Pieter Claesz.
(Berchem 1597–1660 Haarlem)

Still Life with a Glass Roemer

oil on panel
monogrammed ‘PC’ (on the knife blade)
49.8 x 74.8 cm (19.6 x 29.4 in.)
c. 1627

‘Dutch still lifes can, then, be thought of as a society’s way of managing the unusual and exciting nature of an increasingly diverse material culture; in that sense might be called “treatises on superfluous things”.’

Elizabeth Alice Honig, “Making Sense of Things: on the Motives of Dutch Still Life”, in RES: Anthropology and Aesthetics, no. 34 (Autumn, 1998), p. 183.

Painting of a Still Life by Pieter Claesz. on a table an array of foods and tableware.

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Artwork details

Pieter Claesz. was born in Berchem on the outskirts of Antwerp in 1597, but spent his entire career in Haarlem, where he specialised in still-life painting.1 All of his works date between 1621 and 1660 and most of them are monogrammed ‘PC’. He probably did his apprenticeship in Antwerp in the circle of Osias Beert (1580–1624) and Clara Peeters (c. 1589–after 1636). Peeters also shares his initials, which has led to many disputed attributions. This painting, Still Life with a Glass Roemer, was executed early in his career, in the 1620s. It testifies to the Flemish influences of Beert and Peeters, evident from the cooler colours, the high contrast of the illuminated objects against a darker background and high painterly precision. It classifies as a banketje, an elaborately laid table, and features a salt cellar. Claesz. was particularly gifted in depicting goldsmith’s work, even in his earlier work.2

Like most Protestants, Claesz. moved from Antwerp to Haarlem, where he worked in the vicinity of Floris van Dyck (1575–1651) and the Mathams, a family of engravers. Claesz. innovated the ontbijtjes (more modest breakfasts) that were already being painted there by introducing a more realistic view, enhancing the use of perspective.3 His later works can be recognised by their striking simplicity and monochrome colours.4 He married twice and had three children, one of which was Nicolaes Berchem (1620–1683), a famous Italianate landscape painter.5 Claesz. died in 1660 and was buried in the Nieuwe Kerk in Haarlem.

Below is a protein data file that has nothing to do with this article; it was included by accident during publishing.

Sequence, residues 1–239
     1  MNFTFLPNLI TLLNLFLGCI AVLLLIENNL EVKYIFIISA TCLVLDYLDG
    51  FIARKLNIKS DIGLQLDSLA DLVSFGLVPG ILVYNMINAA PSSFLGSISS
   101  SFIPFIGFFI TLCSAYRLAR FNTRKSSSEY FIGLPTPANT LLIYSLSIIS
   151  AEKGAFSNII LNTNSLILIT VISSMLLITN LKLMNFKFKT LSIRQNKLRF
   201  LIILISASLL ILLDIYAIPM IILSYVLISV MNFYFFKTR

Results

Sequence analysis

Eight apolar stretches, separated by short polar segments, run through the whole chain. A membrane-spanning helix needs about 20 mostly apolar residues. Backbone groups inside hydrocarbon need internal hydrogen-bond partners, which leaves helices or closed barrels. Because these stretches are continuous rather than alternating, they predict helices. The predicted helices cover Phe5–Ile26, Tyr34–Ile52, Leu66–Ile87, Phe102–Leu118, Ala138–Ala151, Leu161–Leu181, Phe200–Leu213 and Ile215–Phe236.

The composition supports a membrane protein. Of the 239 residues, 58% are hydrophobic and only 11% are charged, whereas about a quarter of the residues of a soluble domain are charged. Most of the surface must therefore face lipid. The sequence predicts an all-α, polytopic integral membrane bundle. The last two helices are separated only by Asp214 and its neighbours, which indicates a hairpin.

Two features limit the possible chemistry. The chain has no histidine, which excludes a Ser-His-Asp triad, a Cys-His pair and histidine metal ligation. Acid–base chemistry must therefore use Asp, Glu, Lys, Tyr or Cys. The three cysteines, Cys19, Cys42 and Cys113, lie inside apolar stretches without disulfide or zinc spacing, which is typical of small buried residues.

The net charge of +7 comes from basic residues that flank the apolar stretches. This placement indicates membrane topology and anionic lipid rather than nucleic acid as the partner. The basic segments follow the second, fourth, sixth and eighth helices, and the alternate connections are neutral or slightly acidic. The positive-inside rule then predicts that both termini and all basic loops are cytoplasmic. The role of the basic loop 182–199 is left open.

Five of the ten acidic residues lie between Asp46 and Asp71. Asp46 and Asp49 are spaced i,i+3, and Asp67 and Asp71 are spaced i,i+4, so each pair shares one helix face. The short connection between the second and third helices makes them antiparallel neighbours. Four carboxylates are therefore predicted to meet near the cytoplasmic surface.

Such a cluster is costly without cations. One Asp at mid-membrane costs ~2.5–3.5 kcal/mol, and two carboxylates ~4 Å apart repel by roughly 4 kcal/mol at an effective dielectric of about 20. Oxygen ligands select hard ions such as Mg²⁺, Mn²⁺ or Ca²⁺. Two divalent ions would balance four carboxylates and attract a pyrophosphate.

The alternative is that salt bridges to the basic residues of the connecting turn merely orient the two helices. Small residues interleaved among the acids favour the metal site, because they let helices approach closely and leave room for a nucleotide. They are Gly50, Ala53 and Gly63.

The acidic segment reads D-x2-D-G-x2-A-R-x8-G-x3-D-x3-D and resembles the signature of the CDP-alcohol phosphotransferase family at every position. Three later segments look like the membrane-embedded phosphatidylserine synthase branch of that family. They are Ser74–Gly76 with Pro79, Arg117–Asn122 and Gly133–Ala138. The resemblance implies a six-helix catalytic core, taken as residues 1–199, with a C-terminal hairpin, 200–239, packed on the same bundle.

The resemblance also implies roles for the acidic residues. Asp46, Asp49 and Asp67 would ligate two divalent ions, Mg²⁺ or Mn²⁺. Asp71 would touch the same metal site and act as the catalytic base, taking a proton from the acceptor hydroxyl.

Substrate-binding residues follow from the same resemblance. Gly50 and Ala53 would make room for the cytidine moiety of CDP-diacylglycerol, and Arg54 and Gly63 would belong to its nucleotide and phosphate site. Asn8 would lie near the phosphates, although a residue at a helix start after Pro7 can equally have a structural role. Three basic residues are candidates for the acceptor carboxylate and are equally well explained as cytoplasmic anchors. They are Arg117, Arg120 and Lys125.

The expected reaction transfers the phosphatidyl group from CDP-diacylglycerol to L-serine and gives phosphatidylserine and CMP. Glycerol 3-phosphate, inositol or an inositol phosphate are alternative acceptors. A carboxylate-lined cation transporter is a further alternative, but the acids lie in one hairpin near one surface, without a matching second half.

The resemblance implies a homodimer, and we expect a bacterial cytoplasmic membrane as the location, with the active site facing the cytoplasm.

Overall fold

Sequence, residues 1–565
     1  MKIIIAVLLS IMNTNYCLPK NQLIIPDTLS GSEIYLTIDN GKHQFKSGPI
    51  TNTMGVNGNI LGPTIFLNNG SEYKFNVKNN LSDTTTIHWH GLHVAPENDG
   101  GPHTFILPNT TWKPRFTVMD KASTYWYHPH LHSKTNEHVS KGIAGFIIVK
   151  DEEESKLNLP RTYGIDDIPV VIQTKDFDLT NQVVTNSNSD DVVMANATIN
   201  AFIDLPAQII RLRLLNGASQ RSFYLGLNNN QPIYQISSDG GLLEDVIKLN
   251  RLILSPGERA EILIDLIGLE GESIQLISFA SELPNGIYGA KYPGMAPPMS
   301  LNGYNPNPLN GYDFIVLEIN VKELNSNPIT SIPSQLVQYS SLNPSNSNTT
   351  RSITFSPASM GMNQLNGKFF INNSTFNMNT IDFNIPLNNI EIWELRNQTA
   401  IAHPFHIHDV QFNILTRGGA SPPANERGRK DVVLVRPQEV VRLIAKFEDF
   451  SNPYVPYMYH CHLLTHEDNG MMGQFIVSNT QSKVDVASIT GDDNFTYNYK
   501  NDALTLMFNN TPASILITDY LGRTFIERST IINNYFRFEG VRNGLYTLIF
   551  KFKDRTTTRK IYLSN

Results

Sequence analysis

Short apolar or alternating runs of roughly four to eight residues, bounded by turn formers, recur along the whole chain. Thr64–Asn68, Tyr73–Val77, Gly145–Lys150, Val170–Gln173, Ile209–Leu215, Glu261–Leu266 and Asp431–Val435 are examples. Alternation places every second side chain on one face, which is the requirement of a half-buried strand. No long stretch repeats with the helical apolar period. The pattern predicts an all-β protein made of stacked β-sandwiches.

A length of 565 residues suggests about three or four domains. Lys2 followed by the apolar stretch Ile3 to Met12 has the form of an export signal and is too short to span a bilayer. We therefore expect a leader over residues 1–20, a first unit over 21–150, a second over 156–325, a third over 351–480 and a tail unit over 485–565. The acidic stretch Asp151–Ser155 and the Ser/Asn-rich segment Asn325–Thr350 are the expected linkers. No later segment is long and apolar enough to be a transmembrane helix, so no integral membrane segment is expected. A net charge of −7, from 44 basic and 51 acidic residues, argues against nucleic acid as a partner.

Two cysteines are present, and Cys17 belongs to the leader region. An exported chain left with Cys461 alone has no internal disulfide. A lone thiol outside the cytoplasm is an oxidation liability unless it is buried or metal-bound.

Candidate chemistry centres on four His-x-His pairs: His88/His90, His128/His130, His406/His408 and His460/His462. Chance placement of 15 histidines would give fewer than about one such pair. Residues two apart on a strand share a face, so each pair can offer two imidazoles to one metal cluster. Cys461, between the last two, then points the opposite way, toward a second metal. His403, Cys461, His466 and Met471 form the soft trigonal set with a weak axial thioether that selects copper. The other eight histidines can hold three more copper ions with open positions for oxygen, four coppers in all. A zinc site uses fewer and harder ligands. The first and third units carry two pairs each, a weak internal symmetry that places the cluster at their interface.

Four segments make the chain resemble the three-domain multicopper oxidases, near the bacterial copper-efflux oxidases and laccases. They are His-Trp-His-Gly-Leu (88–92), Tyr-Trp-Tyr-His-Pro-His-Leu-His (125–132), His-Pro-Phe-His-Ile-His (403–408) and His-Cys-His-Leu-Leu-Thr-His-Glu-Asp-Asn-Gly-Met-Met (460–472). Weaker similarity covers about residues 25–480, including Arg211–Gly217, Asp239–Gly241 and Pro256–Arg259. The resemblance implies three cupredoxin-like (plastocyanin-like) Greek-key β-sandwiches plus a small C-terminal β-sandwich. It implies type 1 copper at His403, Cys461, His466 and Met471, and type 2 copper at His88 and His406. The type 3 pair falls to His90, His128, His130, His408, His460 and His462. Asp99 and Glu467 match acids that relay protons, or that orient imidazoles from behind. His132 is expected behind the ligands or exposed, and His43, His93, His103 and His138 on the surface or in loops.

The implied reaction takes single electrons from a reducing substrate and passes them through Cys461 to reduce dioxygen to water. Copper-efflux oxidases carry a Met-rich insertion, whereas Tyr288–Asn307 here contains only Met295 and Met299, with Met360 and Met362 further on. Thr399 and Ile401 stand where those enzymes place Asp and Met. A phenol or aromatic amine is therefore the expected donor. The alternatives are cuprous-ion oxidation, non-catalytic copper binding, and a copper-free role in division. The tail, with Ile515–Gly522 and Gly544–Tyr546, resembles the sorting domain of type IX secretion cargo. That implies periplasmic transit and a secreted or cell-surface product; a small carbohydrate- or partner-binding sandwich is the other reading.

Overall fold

Notes
1. The Rijksmuseum, “Pieter Claesz.,” accessed September 9, 2020, https://www.rijksmuseum.nl/en/rijksstudio/artists/pieter-claesz.
2. Martina Brunner-Bulst, in private correspondence, 2014.
3. Encyclopaedia Britannica, “Pieter Claesz.,” last modified 2008, accessed September 8, 2020, https://www.britannica.com/biography/Pieter-Claesz.
4. Brunner-Bulst, in private correspondence.
5.Encyclopaedia Britannica, “Pieter Claesz.”

Anonymous sale; Paris, 16 February 1892, no. 16 (as ‘Clara Peeters’);
Collection Paul Mantz, Paris;
his sale; Hôtel Drouot, Paris, 10–11 May 1895 , no. 12 (to Me. Chevallier);
Private Collection, France;
Anonymous sale; Hôtel des Ventes, Nîmes, 01 February 2014, lot 420;
with Koetser Gallery, Zürich;
The Klesch Collection.

Unexhibited.

Unpublished.

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Painting of a Still Life by Pieter Claesz. on a table an array of foods and tableware.

Hover to zoom to maximum level or click to enlarge

Pieter Claesz.
(Berchem 1597–1660 Haarlem)

Still Life with a Glass Roemer

oil on panel
monogrammed ‘PC’ (on the knife blade)
49.8 x 74.8 cm (19.6 x 29.4 in.)
c. 1627

‘Dutch still lifes can, then, be thought of as a society’s way of managing the unusual and exciting nature of an increasingly diverse material culture; in that sense might be called “treatises on superfluous things”.’

Elizabeth Alice Honig, “Making Sense of Things: on the Motives of Dutch Still Life”, in RES: Anthropology and Aesthetics, no. 34 (Autumn, 1998), p. 183.

Artwork details